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Comments

Liana M. Scott
Hi Izzy. I totally understand where you're coming from. I have felt similarly in the past. What works best for me is setting boundaries for myself and keeping to those boundaries. I'm honest with myself about how much time I need for my tasks (work, etc.), then myself (very important), then others (family and friends). I'm honest with myself about who I want to spend time with and why. Sure, obligation and respect for family comes into play but I often offset that with more time for myself or a really good/favorite friend. Go easy on yourself. And, take care of you first. Without that, none of the rest is possible.
Dan S
Sorry, but this post Fulton is unbelievable. Making a depression into a conspiracy theory. There is no way that you have experienced depression I have. No one forced me to feel the way I do. But, I’ll “pull myself up by the boot straps” and “suck it up buttercup” and get back to life. I think big-pharma could make a killing with a anti-conspiracy theory drug these.
Kimberly Hattabaugh
Thank you for sharing this. I’ve never thought about this natural way to help alleviate anxiety.
Sarah
Hi there. I used to suffer with this condition since I was a baby until I was about 35 years old. . I didn't know that it could have any connection to being sexually abused? That makes a lot of sense though. Because I was sexually abused since I was a baby until I was about 14 years old. I was so ashamed of my trich I would have bald spots on the sides of my head, as a kid , as a teenager, my twenty's, my thirty's. until I finally stopped at the age of about 35 years old. I have also been diagnosed with schizophrenia. I want to help anyone else that is out there suffering with this. I didn't tell ANYONE when I was younger. I was so scared, I already had problems making friends as it was. I didn't even tell my parents. They knew that something was wrong, but they were they type of family that swept everything under the rug that was traumatic or embarrassing to our family. They just wouldn't talk about it. The most they would say to me was to get my hands out of my hair. So it always felt like I was doing something wrong, and couldn't ask for help. I felt judged, and not accepted in my own family. I suffer with depression, anxiety, schizophrenia, ptsd, and on and on... I'm just so relieved to have stopped pulling my hair. The way I stopped was because of my husband. He was upfront with me about my condition, and just asked me what was going on? So I was honest with him, because I trusted him, and he told, why don't you play with your extensions that you put in your hair? Because after awhile there were extensions at the beauty store that I could afford, and when I put them in my hair, it looked like I had more hair. So I started just holding and playing with them in my hands whenever I felt the urge to pull my hair and it worked! Im telling you after suffering for all those years, Finally after awhile just playing with my extensions in my hands, I now have also stopped playing with the extensions and haven't had any urges to pull my own hair anymore. It's been about 10 years now without any urges. I suggest anyone that's going through this, find a wig, hair extensions, or anything that feels like hair to try it. It might be the answer for this tormenting issue. I have long grown our hair now. The only thing is though what I noticed is I still have hair stuck in the gums of my teeth. It seems as though it's still growing in my gums and teeth. I'm too embarrassed to tell my dentist. My tongue is always trying to feel for the hair in my teeth. I hope I helped someone reading this. I would have loved to have figured this out a long time ago.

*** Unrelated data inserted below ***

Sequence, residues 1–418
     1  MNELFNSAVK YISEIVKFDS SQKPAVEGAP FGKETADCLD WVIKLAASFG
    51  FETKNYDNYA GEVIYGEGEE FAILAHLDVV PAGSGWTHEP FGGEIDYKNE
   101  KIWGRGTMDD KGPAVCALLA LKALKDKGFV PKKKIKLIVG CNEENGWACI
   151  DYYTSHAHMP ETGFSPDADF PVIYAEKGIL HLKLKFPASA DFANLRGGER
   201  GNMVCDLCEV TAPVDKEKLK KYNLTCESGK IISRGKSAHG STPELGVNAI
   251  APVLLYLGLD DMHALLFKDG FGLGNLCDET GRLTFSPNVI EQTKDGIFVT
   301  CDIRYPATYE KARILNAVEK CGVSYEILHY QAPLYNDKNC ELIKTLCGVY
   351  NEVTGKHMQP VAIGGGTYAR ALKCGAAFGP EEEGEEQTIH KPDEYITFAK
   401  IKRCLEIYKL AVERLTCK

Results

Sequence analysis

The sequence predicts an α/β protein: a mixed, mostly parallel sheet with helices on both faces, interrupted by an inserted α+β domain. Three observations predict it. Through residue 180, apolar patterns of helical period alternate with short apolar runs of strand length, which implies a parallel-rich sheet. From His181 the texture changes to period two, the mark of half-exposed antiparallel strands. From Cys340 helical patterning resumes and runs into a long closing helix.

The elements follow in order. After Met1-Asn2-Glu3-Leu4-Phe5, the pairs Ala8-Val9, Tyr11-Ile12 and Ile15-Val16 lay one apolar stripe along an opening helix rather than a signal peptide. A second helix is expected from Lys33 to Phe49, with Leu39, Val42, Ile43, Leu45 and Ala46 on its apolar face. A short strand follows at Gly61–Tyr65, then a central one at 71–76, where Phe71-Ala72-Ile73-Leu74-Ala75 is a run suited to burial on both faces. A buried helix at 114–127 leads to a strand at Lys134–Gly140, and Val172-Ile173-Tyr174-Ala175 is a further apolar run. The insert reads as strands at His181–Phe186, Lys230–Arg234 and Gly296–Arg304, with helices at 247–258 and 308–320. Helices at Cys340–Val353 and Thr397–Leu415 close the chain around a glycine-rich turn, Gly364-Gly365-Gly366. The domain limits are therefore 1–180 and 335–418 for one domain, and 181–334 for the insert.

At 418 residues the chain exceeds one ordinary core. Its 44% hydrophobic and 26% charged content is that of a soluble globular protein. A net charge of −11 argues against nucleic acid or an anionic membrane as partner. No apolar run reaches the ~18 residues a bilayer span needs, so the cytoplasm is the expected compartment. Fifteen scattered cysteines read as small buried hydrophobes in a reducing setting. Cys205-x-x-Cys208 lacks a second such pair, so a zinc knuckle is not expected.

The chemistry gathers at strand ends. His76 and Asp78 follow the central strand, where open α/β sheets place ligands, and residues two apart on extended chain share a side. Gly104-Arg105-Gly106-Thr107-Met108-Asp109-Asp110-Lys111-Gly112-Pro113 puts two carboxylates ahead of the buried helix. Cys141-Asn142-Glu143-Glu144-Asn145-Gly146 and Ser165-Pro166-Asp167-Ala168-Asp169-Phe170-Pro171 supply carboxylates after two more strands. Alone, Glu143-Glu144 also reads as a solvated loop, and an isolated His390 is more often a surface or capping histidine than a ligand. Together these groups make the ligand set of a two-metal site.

Hannah
Thank you for bringing so much value to this community with this blog. It has been such a joy reading your pieces and being able to relate to your journey . You have created a safe space of learning and growth where those of us who struggle with the similar Demons can come to not feel so alone! Thank you for all that you are and sharing about this topic.